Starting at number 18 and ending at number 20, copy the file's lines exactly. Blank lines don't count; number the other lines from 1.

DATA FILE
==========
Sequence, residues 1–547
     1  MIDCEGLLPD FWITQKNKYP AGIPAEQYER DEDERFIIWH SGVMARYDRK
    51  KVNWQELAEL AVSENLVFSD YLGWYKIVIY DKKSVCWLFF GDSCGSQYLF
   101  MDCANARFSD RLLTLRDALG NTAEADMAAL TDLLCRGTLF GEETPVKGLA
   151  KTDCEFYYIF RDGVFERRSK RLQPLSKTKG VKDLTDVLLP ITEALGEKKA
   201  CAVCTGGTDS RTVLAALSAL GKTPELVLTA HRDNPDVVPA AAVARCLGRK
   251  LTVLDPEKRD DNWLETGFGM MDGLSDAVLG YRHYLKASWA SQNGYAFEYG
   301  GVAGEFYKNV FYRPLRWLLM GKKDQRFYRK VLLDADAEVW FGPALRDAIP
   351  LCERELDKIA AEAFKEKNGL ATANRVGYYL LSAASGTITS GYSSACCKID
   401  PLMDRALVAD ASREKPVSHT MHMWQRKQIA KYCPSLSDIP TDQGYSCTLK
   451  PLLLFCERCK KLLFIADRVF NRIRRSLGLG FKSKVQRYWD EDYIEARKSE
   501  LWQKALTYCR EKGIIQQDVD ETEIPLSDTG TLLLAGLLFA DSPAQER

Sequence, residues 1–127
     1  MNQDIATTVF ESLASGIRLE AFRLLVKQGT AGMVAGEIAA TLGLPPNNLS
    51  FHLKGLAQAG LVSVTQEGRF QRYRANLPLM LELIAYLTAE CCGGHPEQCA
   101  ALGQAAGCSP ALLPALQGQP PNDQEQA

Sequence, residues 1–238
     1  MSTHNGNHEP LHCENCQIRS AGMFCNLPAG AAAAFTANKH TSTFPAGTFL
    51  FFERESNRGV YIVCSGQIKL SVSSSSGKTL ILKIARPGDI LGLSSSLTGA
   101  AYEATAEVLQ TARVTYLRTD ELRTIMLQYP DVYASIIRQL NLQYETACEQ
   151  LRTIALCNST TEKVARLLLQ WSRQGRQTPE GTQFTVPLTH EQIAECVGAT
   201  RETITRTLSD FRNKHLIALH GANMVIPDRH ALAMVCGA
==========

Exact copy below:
     1  MSTHNGNHEP LHCENCQIRS AGMFCNLPAG AAAAFTANKH TSTFPAGTFL
    51  FFERESNRGV YIVCSGQIKL SVSSSSGKTL ILKIARPGDI LGLSSSLTGA
   101  AYEATAEVLQ TARVTYLRTD ELRTIMLQYP DVYASIIRQL NLQYETACEQ